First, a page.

Updated 4/8/14: Verizon radically reduced its Edge Share Everything service plans to bring its offerings more in line with the other recently reduced plans from other carriers—particularly chief rival AT&T. So, how did it do? As the revised table below shows, both carriers now often tie or beat each other by a few dollars, depending on the amount of data purchased and the number of phones tapping into it. Verizon's new pricing formula is a bit convoluted: When you purchase 10 or more gigabytes of sharable data per month, it charges you an additional $15 a month for each smart-phone line tapping into it. But if you buy less data, it charges you $30 for every smart phone using it.
Updated 3/11/14: The carrier wars continue, as AT&T revamped its phone plans over the past weekend, slashing rates for data and making its early-phone-upgrade Next plans more enticing. The new plans could appeal even to people not interested in upgrading early, since they make it possible to purchase the phone over time via an interest-free loan.
The net result is significantly lower service costs that approach and sometimes beat archrival T-Mobile, the reigning king of bargains among Telecom's Big Four. As our updated tables show, AT&T plan prices actually tie with T-Mobile in some instances. And that may be more than enough to draw smart-phone shoppers to AT&T, which in our consumer surveys was rated better for 4G data service than the other major carriers.
AT&T data charges have dropped significantly. For example, AT&T used to charge $45 for 1GB of data. Now it offers 2GB for only $40. But the big savings come with a no-contract plan. You can either pay full price for a phone up front, or make 20 or 26 interest-free monthly payments. For example, on the Next plan, a $650 iPhone 5s can be yours after 20 monthly payments of $32.50 or 26 monthly payments of $25, essentially an interest-free loan. AT&T also cuts the monthly charge for every phone tapping into its data plan from $40 to $25 each when the data bucket you share is less than 10GB. If you're divying up 10GB of data or more, the charge per phone drops to $15. In addition, for a limited time, all subscribers, current and new, who sign up for a Next plan also get a $100 per line credit for any phone they add (up to 10).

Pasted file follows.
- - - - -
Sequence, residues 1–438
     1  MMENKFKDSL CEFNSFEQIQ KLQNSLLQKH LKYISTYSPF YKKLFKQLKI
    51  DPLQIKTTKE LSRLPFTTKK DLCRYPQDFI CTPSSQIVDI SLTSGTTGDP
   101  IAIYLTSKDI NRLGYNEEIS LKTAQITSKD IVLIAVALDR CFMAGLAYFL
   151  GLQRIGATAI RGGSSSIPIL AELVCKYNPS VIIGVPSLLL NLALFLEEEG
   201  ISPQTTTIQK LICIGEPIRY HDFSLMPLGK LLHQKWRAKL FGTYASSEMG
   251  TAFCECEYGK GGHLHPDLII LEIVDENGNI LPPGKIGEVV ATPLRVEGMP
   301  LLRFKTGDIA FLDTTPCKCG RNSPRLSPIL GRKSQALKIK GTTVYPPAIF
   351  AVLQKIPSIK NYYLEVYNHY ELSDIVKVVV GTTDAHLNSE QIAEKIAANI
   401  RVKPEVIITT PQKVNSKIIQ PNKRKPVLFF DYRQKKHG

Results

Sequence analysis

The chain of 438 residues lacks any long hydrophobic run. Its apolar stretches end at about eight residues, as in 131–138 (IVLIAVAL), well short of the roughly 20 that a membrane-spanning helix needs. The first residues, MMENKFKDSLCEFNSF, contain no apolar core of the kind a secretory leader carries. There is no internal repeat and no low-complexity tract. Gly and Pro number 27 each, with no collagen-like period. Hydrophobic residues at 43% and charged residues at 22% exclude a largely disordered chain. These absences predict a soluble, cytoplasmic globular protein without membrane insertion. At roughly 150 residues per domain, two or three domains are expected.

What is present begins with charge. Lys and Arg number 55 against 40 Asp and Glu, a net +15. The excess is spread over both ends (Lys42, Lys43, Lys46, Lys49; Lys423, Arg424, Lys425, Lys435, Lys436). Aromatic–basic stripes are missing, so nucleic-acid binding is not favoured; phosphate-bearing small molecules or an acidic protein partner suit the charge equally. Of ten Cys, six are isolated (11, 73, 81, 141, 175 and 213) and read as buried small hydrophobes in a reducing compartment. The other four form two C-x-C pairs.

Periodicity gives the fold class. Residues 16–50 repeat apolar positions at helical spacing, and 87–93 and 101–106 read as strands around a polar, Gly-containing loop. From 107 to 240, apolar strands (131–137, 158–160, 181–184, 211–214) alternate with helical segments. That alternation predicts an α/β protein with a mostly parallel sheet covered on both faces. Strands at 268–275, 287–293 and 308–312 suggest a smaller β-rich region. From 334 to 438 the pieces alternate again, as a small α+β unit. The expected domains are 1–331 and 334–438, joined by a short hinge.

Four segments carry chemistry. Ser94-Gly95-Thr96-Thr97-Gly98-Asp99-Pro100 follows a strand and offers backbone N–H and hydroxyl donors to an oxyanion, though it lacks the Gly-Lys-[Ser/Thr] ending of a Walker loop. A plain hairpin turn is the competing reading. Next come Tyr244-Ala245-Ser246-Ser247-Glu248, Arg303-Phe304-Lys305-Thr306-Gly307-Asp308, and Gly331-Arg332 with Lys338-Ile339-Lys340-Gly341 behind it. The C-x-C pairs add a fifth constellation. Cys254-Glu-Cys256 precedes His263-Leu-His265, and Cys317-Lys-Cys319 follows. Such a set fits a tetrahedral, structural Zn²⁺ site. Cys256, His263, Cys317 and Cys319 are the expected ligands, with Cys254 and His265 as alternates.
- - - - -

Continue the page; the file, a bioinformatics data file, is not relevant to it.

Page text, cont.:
Of course, comparison shopping between carriers isn't easy. AT&T, Sprint, T-Mobile, and Verizon—the Big Four—have done their best to complicate apples-to-apples comparisons. They charge different rates for additional phone lines, break data allowances into chunks that don't match the competitions', and provide differing discounts for multiple phones.
To help you find the best deal, we’ve figured out the service-cost breakdowns for one to five family members for light, medium, and heavy. data service. (Read "How Much Service Do You Need?") As the tables below show, each carrier stands out for different reasons:
- T-Mobile offers the best prices, and it was a solid performer in our recent cell-service survey of 58,000 subscribers in 23 metro areas.
- In our survey, Verizon was the most satisfying among the Big Four, and it was a standout for data service and resolving customer-support issues.
- Also according to survey, respondents, AT&T offered the most problem-free high-speed 4G data service, something to consider if you're a heavy data user.